Ngā Pae Tautoko COVID-19 Research Programme

NPM continues to advance our Ngā Pae Tautoko COVID-19 Programme of research activities to contribute to our understanding of the impacts of the pandemic on Māori, and to develop preventative strategies. The work of our research community has been, and continues to be critical to addressing the challenges of COVID-19 and beyond, as we learn to negotiate our ‘new normal’. As part of our Tautoko Strategy, NPM is committed to ensuring that our researchers have a platform for communicating their expertise and insights into COVID-19 and the wider implications it may have on whānau.

Consequently, in January 2021 NPM added a further 11 research activities to be advanced by 13 Māori researchers. The activities will document, interrogate and communicate significant COVID-19 prevention strategies and messages for current and future generations. The final outputs of the research activities will comprise a compilation of creative works that can be memorialized to produce a galvanizing effect in the future, should our tuhanga once again encounter the challenges that we now face.




For further information:

Using #COVID_19Indigenous_World to connect the Indigenous World



WATCH--> Dr Rebecca Wirihana talking about the process of 'containment' in healing during COVID-19 Alert level 4 Aotearoa/New Zealand State of Emergency. Rebecca is a Māori Clinical Psychologist currently based at the Northland District Health Board working in the Community Māori Mental Health Service.

Read --> a situation report from the Amerindian Support Network at the University of São Paulo, Brazil. The Amerindian Network connects with eight Mbya Guarani Tekoa and organize to broaden understanding of the different life contexts of indigenous communities both in and outside of Brazil, their struggle for human and civil rights, especially involving issues concerning land demarcation, differentiated education and health.  Faced with the crisis of COVID-19, this report summarises selected news items regarding the situation of different communities and indigenous peoples in Brazil. At the end of this piece, some critical challenges based on ongoing conversations with the Mbya Guarani people are summarised.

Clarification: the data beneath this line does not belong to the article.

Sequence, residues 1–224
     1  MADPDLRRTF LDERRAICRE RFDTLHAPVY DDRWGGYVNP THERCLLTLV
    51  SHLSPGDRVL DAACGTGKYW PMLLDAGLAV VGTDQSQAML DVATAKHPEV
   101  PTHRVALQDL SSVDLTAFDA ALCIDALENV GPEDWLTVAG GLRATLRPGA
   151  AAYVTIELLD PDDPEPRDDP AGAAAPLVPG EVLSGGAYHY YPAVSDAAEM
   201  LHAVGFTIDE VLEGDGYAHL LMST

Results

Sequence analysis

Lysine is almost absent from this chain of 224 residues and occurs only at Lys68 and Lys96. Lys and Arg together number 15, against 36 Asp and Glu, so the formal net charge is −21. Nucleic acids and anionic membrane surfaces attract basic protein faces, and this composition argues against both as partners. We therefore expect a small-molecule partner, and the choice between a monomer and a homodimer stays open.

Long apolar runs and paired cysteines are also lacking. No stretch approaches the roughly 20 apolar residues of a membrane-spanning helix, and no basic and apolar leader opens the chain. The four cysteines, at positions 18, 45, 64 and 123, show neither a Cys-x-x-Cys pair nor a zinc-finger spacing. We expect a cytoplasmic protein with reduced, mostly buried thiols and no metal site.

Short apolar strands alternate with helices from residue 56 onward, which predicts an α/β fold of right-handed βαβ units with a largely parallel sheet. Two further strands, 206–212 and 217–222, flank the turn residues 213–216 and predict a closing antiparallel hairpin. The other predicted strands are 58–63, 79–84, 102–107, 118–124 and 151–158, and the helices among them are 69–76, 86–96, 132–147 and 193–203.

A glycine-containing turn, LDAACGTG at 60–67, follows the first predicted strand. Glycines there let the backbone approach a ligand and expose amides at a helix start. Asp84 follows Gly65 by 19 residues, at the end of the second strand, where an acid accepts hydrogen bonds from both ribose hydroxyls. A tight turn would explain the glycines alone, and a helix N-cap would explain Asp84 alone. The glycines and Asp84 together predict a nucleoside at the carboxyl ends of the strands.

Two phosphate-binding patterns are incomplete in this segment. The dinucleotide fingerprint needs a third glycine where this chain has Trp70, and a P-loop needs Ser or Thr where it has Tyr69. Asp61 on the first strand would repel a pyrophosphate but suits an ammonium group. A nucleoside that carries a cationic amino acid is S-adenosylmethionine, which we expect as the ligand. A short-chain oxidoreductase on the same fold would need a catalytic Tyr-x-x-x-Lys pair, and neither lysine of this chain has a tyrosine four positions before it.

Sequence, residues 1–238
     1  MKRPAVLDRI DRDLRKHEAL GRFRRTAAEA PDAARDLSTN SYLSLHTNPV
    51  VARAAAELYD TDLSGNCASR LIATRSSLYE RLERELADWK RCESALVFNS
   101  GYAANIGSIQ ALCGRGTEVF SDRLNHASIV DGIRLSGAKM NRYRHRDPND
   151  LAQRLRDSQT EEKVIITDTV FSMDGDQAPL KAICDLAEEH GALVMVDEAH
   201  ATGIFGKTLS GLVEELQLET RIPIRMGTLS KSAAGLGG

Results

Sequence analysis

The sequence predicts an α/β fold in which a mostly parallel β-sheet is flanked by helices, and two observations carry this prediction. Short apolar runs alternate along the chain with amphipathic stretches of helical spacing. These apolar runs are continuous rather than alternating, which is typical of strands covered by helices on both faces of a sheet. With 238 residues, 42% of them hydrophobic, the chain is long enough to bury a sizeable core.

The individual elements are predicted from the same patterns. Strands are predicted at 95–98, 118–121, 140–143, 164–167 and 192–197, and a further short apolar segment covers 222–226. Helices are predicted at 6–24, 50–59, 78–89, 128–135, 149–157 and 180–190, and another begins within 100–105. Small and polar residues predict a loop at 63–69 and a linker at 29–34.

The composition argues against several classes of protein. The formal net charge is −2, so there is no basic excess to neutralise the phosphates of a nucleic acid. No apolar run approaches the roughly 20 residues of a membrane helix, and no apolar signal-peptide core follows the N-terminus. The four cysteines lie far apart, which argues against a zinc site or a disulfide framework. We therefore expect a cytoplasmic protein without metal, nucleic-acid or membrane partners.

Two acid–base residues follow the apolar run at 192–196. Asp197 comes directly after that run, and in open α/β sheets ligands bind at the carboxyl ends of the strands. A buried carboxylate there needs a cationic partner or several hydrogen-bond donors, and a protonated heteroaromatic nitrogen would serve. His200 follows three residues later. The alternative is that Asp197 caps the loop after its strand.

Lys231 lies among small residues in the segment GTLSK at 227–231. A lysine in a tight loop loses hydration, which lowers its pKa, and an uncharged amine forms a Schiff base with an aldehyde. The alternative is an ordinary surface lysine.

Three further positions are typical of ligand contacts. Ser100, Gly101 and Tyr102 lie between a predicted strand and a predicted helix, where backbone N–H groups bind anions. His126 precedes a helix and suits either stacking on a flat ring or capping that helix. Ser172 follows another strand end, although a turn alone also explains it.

Photo credit: Danilo Silva Guimarães & Rafaela Waddington Achatz. Students outside the House of Indigenous Peoples, University of São Paulo

The COVID-19 pandemic has been taking hold of our Indigenous communities, nations and lives. To our Indigenous friends worldwide, we reach out to connect, to weep for spirits passed, to acknowledge our concern for each other and to be warmed by your gaze.  We are devastated by the death toll the pandemic is extracting across the globe yet strengthened by the brave leadership demonstrated by Indigenous leaders to protect and sustain our communities. It is a time for cool heads, swift action and confident resolve. Let us be strong together.

WATCH--> Dr Hinekura Smith (Te Rarawa, Ngāpuhi, Te Ati Awa) messaging to the Ngā Pae o te Māramatanga MAI Te Kupenga Doctoral network on staying well during COVID-19 Alert level 4 Aotearoa/New Zealand State of Emergency.  Hinekura is NPM's Emerging Researchers’ Leader, providing national leadership and coordination of MAI Te Kupenga and developing and nurturing initiatives that contribute to the outcomes and objectives of NPM’s Capability and Capa

READ--> The New Zealand Family Violence Clearinghouse (NZFVC) and researchers at Ngā Wai a Te Tūī launch the new Whare Māori portal to keep whānau and communities safe.